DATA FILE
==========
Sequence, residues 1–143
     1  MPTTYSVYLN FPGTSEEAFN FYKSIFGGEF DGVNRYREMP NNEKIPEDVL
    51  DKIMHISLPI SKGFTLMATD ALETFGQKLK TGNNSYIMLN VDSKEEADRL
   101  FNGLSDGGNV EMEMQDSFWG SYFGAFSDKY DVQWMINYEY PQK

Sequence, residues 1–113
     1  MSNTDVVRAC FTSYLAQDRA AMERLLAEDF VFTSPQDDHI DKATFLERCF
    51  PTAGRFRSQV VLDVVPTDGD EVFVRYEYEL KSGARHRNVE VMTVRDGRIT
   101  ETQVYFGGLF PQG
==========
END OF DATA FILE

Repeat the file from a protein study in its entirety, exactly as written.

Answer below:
Sequence, residues 1–143
     1  MPTTYSVYLN FPGTSEEAFN FYKSIFGGEF DGVNRYREMP NNEKIPEDVL
    51  DKIMHISLPI SKGFTLMATD ALETFGQKLK TGNNSYIMLN VDSKEEADRL
   101  FNGLSDGGNV EMEMQDSFWG SYFGAFSDKY DVQWMINYEY PQK

Sequence, residues 1–113
     1  MSNTDVVRAC FTSYLAQDRA AMERLLAEDF VFTSPQDDHI DKATFLERCF
    51  PTAGRFRSQV VLDVVPTDGD EVFVRYEYEL KSGARHRNVE VMTVRDGRIT
   101  ETQVYFGGLF PQG